For this, you'll have to add the usemap attribute to your <img> tag. Also, your map has to use multiple <area> tags to denote the different areas.

<img src="office.jpg" alt="Floor plan" usemap="#floorplan">

<map name="floorplan">
  <area shape="rect" coords="" alt="Conference Room" href="conference-room.htm">
  <area shape="rect" coords="" alt="Kitchen" href="kitchen.htm"></map>

Unfortunately, explaining the usage of <map> in detail is beyond the scope of this article.

Further reading: https://developer.mozilla.org/en-US/docs/Web/HTML/Element/map

<noscript>: Visible If JavaScript Is Disabled

The <noscript> tag only renders its contents if the user has JavaScript disabled. For example, you could add a small note they should enable JavaScript. If they have it enabled, this note is hidden.

<noscript>
  For full functionality of this site it is necessary to enable JavaScript. Please enable JavaScript in your browser.
</noscript>

Further reading: https://developer.mozilla.org/en-US/docs/Web/HTML/Element/noscript

<progress>: Progress Indicator

Use the <progress> tag to show a progress bar for a task. Also, remember to add a <label> tag for accessibility reasons.

<label for="file">Uploading progress</label>
<progress id="file" value="28" max="100">28%</progress>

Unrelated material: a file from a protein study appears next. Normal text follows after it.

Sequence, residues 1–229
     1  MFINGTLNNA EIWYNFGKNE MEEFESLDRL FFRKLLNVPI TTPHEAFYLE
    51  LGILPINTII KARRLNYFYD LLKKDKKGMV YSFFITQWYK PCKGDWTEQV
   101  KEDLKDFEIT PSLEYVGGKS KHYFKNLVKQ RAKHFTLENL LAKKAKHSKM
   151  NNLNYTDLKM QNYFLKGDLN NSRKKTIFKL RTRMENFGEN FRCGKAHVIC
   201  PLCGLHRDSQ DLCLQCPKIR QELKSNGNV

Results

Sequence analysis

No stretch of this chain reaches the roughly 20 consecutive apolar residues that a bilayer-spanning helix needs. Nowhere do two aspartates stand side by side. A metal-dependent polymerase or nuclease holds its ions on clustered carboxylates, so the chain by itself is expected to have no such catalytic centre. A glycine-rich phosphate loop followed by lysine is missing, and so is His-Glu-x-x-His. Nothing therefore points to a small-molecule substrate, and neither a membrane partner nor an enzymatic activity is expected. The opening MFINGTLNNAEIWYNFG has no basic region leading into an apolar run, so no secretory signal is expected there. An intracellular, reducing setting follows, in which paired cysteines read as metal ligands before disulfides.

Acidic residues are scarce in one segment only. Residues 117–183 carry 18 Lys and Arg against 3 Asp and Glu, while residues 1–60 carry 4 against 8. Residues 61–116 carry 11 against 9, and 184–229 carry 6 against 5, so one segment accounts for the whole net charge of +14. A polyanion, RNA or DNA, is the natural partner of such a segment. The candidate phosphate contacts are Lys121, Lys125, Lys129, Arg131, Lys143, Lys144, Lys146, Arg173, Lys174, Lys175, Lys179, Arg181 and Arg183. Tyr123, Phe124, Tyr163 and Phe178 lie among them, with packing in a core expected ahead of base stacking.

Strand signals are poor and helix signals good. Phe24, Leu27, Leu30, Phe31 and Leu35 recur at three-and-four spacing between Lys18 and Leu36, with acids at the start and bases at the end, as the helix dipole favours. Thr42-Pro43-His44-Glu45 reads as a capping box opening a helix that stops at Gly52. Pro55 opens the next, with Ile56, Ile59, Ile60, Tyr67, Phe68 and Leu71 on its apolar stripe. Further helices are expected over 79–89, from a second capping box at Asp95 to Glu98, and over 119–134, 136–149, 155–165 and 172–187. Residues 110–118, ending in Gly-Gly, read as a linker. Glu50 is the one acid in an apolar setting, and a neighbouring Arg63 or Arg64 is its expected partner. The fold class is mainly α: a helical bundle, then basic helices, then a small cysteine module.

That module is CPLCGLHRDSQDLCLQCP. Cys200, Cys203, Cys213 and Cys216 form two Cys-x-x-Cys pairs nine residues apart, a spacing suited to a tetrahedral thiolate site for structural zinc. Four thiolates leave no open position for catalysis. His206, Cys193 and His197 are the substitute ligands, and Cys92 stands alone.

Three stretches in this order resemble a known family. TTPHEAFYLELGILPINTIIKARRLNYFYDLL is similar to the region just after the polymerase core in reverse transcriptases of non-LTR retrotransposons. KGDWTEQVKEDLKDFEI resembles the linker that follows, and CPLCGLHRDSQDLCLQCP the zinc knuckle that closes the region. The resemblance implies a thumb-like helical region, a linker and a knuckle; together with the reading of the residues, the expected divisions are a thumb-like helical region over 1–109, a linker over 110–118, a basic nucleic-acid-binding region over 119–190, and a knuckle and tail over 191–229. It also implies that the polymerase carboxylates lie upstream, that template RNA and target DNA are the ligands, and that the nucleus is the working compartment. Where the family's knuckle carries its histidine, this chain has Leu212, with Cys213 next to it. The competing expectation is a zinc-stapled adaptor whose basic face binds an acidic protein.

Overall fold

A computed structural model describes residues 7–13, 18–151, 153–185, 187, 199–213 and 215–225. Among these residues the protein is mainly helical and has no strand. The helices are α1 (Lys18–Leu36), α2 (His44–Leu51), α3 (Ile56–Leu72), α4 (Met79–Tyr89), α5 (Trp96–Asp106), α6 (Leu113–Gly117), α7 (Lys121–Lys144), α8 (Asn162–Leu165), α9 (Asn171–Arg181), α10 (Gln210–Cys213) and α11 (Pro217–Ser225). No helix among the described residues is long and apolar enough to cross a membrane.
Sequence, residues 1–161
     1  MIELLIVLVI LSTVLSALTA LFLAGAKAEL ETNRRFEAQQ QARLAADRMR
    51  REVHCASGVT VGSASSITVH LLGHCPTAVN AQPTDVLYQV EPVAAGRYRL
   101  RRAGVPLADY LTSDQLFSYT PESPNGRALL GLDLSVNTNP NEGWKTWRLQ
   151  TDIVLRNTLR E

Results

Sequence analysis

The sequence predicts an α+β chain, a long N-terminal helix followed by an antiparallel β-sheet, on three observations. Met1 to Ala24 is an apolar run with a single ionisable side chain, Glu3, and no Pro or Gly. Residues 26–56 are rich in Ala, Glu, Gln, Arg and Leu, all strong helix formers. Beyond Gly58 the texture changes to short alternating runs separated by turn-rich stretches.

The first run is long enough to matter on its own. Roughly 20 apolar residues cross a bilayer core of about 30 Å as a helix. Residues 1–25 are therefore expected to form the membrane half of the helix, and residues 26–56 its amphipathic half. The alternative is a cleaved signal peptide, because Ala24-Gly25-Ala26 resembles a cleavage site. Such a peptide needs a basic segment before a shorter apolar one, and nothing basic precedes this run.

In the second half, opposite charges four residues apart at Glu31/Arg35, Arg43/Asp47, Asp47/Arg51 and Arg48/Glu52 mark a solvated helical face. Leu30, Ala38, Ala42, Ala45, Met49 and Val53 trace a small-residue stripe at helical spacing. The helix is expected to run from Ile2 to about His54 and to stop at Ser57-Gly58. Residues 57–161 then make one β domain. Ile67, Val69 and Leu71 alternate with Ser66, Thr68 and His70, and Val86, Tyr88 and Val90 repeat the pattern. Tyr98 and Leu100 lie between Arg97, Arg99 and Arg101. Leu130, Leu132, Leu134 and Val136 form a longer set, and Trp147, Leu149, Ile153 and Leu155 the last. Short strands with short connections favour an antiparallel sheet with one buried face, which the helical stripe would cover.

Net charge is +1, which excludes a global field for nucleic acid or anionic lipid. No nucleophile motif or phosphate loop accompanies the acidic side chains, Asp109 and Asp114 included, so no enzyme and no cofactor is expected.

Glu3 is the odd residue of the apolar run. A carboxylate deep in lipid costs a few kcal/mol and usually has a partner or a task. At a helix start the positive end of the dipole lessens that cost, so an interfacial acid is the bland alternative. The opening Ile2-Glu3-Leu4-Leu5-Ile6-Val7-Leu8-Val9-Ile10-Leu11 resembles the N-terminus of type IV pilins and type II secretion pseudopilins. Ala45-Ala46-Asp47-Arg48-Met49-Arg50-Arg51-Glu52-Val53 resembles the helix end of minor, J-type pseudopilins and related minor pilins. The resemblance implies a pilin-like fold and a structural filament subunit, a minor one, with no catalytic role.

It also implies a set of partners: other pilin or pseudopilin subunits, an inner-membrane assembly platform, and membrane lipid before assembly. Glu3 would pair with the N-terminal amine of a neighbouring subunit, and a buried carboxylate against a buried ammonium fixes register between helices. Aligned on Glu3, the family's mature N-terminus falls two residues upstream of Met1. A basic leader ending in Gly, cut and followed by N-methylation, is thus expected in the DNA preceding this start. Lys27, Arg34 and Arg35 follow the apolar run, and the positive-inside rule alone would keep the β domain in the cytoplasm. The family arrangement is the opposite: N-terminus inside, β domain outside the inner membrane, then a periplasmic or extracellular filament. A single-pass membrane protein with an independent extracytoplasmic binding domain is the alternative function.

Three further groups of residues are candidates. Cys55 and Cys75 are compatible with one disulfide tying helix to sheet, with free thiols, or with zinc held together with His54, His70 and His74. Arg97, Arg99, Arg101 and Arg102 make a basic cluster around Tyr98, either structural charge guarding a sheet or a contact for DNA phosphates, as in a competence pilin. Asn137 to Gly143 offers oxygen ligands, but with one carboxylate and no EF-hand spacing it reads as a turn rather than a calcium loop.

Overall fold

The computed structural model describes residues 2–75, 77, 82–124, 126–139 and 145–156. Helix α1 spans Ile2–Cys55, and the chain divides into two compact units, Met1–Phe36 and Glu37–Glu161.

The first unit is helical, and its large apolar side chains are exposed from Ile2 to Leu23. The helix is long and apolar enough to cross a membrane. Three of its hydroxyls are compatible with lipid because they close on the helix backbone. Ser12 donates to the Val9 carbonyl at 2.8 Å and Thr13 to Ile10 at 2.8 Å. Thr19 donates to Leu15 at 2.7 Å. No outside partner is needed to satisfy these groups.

Further reading: https://developer.mozilla.org/en-US/docs/Web/HTML/Element/progress

<sub> & <sup>: Subscript & Superscript

The <sub> tag defines subscript text. The contents are rendered with a lowered baseline using smaller text. This is useful e.g. for chemical formulas:

Despite its dangers, Dihydrogen monoxide (H<sub>2</sub>O) is often used.

Conveniently there is also a tag for superscript. The contents of the <sup> tag are rendered with a raised baseline using smaller text. For example, you can use this for mathematical expressions:

a<sup>2</sup> + b<sup>2</sup> = c<sup>2</sup>

Further reading: https://developer.mozilla.org/en-US/docs/Web/HTML/Element/sup

<var>: Variable

Use the <var> tag to describe a variable in programming or in a mathematical expression.

Given the width <var>w</var> and the height <var>h</var> you can calculate the area of the rectangle.

Further reading: https://developer.mozilla.org/en-US/docs/Web/HTML/Element/var

<wbr>: Word Break Opportunity

The <wbr> tag specifies a position within text where a line-break would be allowed. So, you can allow to break a (very) long word into multiple lines.

Dampf<wbr>schiff<wbr>fahrt

The example shows adding word break opportunities to a long german word.

Further reading: https://developer.mozilla.org/en-US/docs/Web/HTML/Element/wbr

Conclusion

HTML has a lot of useful tags. Instead of using <div> and <span> for everything, try adding more semantics to your documents. Your site will become more friendly towards machines and humans.

Did you know all of these tags? Please consider sharing this list with your friends and colleagues if it was interesting for you.